Educate yourself in Miranda rights (If they violated his rights here, this could have a considerable impact on the outcome), federal constitutional law concerning 1st, 4th (emphasis here), 5th, 6th and 8th amendments, along with state constitutional law.

Educate yourself on how the court works, the proceedings, when and where evidence can be brought, the questioning of witnesses and how that process is different in every aspect of the trial.

Educate yourself on case law concerning PTSD and other mental illnesses where a consideration or precedent has been set, this can be used in your case and can greatly influence what happens. Look into your state laws first as they will have the most sway, because state law guides state cases first, then look to federal law to find precedents and findings where PTSD was considered in the sentencing phase. Concentrate on first on the main trial part where the evidence and witnesses will be displayed then on the sentencing. Both of these parts of the overall court proceedings will be the most important part, your soldier or veterans fate will be decided between these two proceedings.

Educate yourself on and things to do:
  • Do not talk with the police or anyone else until you have talked with your lawyer, what you say will be used against you
  • Learn your rights and assert them, you do not have any rights if you do not know your rights
  • get a copy of court case file
  • get a copy of VA file and military file
  • jump in your lawyers pocket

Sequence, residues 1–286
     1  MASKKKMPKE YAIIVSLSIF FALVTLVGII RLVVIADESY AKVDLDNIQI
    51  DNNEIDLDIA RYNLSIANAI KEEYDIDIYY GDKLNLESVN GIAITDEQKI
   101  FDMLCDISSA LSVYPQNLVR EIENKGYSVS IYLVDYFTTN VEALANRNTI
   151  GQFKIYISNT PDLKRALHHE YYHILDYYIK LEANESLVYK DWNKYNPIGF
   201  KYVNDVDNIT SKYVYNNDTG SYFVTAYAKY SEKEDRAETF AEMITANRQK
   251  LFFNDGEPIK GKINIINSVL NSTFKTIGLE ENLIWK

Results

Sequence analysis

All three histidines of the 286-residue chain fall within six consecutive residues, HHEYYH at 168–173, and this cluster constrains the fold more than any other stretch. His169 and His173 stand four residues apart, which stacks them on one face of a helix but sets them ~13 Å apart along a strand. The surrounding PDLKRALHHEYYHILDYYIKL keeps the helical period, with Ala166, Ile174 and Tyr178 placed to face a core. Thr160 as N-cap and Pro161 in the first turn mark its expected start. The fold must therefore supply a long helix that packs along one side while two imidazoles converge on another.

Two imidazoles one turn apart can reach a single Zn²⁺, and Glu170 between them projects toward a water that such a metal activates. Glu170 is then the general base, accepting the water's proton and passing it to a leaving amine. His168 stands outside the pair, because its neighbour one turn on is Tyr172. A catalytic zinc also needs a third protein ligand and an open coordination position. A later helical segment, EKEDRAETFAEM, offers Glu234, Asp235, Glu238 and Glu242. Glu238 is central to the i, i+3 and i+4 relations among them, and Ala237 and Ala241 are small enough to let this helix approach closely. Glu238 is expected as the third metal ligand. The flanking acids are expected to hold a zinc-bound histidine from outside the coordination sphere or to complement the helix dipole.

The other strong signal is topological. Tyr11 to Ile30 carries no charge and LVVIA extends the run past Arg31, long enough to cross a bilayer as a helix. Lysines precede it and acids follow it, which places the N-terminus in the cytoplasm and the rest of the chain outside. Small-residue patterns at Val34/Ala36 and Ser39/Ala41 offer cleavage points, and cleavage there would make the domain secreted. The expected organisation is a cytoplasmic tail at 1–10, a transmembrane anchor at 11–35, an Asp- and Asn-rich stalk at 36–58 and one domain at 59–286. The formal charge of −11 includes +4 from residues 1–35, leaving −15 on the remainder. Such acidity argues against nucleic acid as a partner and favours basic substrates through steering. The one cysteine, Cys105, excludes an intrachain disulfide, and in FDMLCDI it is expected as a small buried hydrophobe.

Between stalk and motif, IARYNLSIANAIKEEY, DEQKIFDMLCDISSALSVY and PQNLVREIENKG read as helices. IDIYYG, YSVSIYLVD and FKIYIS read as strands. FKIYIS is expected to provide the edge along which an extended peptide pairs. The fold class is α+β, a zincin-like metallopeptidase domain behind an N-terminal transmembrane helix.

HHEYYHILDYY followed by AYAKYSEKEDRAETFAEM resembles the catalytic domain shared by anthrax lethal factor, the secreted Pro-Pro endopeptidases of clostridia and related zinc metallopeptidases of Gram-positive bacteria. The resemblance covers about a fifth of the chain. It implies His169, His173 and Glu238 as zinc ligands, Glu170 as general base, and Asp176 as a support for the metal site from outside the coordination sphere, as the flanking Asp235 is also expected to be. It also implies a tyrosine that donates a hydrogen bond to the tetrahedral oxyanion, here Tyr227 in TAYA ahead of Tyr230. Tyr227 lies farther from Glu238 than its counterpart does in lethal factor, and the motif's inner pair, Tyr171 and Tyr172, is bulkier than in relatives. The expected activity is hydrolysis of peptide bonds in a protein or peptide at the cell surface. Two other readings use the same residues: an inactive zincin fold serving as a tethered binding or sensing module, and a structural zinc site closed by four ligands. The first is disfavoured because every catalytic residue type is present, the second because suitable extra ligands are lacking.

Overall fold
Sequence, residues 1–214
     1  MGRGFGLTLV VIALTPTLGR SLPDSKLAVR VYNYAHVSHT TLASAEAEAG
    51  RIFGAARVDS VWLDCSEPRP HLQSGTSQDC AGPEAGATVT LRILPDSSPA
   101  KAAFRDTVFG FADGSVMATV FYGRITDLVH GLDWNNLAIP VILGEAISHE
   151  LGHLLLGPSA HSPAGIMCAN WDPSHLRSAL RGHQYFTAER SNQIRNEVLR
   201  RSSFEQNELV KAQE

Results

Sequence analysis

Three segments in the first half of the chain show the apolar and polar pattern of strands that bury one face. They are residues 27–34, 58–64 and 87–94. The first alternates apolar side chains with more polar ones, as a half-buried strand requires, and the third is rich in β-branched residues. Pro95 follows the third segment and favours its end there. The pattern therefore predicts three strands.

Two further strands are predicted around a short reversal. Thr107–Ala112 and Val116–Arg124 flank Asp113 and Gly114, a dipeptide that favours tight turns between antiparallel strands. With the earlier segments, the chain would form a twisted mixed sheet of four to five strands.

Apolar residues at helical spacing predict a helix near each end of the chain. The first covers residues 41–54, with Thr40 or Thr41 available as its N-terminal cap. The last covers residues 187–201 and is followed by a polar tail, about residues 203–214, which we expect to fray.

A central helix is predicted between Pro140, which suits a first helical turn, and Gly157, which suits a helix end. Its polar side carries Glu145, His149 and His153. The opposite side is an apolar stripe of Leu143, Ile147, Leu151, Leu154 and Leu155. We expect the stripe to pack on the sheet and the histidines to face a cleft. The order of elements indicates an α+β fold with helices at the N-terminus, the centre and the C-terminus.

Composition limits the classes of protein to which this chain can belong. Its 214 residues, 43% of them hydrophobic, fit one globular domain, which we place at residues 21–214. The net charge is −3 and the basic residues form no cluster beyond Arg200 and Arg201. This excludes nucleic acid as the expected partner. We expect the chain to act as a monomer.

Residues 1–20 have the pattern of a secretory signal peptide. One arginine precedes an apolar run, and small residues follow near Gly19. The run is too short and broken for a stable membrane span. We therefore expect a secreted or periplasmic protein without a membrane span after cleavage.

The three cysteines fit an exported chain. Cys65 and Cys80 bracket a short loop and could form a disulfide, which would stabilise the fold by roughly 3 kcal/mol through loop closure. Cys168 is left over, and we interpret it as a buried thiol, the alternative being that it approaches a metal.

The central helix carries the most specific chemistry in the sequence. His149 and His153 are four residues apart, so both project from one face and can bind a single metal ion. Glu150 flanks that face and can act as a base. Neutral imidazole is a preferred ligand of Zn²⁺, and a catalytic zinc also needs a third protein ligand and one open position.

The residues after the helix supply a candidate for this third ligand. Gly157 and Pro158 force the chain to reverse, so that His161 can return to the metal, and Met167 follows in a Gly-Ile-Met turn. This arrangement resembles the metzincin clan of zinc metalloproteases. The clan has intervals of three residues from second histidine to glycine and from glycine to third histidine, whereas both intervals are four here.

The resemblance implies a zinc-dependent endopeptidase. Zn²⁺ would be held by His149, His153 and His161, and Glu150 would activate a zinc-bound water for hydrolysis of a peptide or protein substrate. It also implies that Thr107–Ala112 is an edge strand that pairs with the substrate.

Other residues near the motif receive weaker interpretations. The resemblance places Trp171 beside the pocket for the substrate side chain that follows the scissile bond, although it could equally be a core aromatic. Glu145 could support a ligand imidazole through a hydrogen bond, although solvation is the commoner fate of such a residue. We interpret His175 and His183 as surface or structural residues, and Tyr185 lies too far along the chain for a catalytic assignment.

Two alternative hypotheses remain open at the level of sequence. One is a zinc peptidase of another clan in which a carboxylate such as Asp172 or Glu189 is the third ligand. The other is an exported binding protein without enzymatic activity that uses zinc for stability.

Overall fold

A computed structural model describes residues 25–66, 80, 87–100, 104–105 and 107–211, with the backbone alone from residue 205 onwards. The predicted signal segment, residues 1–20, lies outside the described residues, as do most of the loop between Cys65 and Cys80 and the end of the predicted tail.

• try to find a pro bono lawyer
  • individual rights, Miranda and if they were violated
  • legal proceedings, structure of court formalities and rules of law
  • psychology of PTSD
  • case law, state and federal, concentrating on the main trial and sentencing process
  • constitutional law
  • legal responsibilities of the judge, your lawyer and the prosecutor
  • find a support group
  • contact your senator, congressperson
  • contact your local VFW, AMVETS, or veterans associations
I know that this seems like to much, just figure out what is coming next and then concentrate your efforts into that. Take one court proceeding at a time and concentrate on the legalities of that part of the process and use it as a guide to where you need to research and what you should do. The structure of the next proceedings will be your sign post for the direction you need to concentrate on.

You can do this, if you accept that you have been put on this earth for this. You were born to do this, this may be your purpose in life, to be the freedom fighter for all veterans and soldiers who will face this tribulation. You have more vested in this than anyone else, you have more to loose, do not stand by and be a spectator. Get involved and later you will not have the guilt of "I wish I had done something".

A most important issue to face would be finding a support group that you feel safe with and trust. You cannot do this alone, enlist the help of as many people that you can. Contact your congressperson, senator and your local VFW, AMVETS, DAV or American Legion.

This is only a suggestion for what to do. I have compiled this list and information as a suggested guide for personal empowerment.